This week’s Patch Tuesday marked the end of the line for both Windows 7 and Windows Server 2008 (and 2008 R2). No more fixes will be issued for the two aged operating systems, unless you purchase a pricey extended service license.
On the Windows 7 front, Microsoft has done a good job getting Windows 10 deployed through its aggressive (perhaps too aggressive) upgrade program. According to StatCounter, Windows 10 now accounts for 65% of the worldwide desktop Windows market share, and Windows 7 is down to 27%.
But while Windows 7 has gotten all the attention, Server 2008 actually has a larger share of holdouts, and in some ways, its end-of-life milestone is more significant. At last July’s Inspire show, a Microsoft executive said in an interview with cloud storage provider and Microsoft partner Carbonite that 60% of its current Windows Server installed base was running Server 2008, accounting for 24 million instances.
“There are a lot [of customers sticking with Server 2008],” says analyst Tim Crawford of research and advisory firm AVOA. “You could categorize them into those that either a) use functions specific to WS2008, and b) those that use a version of an application that is only compatible with WS2008. Upgrading is often easier said than done. Especially if the application is a custom app with lots of tentacles.”
Server 2008 is based on the Windows Vista codebase, which should be reason alone to jettison it. But Windows Server 2016 and Windows Server 2019 are built on Windows 10, which means apps heavily dependent on the OS ecosystem might be hard to move since the internals are so different.
“I do work with folks that are still running Windows Server 2008. They understand the ramifications of EOL for support. But most are in a predicament where they aren’t able to move the applications for a number of reasons, including application compatibility, location, etc.,” Crawford says.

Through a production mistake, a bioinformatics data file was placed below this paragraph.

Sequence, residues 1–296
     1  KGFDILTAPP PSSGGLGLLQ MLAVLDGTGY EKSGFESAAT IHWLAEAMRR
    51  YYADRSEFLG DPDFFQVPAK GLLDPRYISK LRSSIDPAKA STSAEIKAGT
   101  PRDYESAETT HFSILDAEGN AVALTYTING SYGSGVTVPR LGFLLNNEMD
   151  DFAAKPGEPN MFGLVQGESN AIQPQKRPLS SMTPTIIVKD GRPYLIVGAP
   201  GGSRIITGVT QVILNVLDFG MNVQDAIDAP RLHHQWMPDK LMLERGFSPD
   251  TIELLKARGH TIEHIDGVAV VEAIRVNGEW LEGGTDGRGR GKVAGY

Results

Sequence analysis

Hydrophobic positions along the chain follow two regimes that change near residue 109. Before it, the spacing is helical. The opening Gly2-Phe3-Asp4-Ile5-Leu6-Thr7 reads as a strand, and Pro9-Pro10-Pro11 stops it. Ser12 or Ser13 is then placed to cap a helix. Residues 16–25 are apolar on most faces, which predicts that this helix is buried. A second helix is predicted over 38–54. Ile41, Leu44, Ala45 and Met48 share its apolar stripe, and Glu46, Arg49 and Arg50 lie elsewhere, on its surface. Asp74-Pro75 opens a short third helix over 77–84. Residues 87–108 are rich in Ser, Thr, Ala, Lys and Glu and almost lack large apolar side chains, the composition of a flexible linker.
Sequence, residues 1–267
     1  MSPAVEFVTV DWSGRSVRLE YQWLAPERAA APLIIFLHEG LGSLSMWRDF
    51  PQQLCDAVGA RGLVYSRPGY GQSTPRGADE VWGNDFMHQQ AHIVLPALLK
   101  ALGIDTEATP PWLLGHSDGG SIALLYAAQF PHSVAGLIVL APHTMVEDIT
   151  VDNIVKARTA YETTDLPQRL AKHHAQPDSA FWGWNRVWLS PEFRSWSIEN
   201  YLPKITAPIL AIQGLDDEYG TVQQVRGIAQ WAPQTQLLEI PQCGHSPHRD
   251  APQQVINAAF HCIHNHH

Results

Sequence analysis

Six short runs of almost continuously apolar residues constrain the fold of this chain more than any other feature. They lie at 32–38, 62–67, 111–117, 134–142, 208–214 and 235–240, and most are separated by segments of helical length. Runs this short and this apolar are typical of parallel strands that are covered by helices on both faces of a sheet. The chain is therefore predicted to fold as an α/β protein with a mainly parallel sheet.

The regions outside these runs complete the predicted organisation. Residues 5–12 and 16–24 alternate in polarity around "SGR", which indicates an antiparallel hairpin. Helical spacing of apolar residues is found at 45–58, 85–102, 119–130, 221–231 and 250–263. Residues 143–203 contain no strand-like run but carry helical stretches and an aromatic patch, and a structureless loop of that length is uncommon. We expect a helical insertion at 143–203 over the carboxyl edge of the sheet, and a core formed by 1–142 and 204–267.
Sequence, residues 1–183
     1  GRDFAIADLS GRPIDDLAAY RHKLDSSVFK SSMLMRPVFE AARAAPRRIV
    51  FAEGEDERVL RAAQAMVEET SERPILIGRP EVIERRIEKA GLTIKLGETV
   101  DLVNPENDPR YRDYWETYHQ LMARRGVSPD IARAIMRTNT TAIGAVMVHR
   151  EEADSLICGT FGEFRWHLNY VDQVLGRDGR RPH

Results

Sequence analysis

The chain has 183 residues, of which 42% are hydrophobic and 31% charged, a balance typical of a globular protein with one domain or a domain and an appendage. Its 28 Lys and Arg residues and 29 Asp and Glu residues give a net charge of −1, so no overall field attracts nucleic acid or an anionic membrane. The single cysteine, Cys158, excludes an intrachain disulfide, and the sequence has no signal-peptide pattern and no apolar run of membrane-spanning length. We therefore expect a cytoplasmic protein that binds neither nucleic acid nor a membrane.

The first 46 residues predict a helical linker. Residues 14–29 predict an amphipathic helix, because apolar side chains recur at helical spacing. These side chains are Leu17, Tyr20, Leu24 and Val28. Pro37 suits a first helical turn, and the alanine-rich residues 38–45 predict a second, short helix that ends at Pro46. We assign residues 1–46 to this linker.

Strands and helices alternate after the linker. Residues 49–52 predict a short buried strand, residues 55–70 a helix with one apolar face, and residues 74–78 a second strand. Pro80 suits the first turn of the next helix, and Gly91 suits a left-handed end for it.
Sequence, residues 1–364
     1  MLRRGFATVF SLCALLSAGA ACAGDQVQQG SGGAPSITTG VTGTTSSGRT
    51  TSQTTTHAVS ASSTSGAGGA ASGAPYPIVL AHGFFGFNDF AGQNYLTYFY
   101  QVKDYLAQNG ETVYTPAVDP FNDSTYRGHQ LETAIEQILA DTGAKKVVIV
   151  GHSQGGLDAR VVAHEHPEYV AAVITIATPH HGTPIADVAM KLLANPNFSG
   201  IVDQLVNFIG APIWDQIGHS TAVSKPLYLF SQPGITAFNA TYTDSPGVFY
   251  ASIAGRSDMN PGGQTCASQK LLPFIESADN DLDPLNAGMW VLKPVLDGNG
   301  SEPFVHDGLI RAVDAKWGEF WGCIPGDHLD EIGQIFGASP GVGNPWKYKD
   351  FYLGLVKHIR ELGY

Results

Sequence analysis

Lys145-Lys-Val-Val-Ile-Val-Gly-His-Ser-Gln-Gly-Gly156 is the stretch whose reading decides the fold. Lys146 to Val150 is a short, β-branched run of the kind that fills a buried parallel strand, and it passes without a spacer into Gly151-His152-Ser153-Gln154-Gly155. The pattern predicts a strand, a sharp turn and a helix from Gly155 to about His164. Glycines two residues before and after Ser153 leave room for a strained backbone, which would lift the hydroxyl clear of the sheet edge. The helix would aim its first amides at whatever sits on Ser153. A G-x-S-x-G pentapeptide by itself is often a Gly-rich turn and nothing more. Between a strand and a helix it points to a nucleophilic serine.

For those apps that are challenging to move, he recommends isolating the system as much as possible to protect it, and putting in a plan to do what is needed to the applications to prepare them for movement as quickly as possible.
Migration should be the paramount effort, because if you are running Server 2008 then you’re using hardware that’s at least eight years old and potentially 12 years old. That’s ancient in technology terms, and if nothing else, the hardware is going to fail.
One of the headaches for admins is you cannot migrate Server 2008 directly to 2016 or 2019. You have to upgrade to Server 2012 as an intermediate step. So you are better off biting the bullet and migrating the apps to 2019 rather than spending time on two OS migrations.
Microsoft has provided resources for Server 2008 users, including a migration guide and help moving to Azure.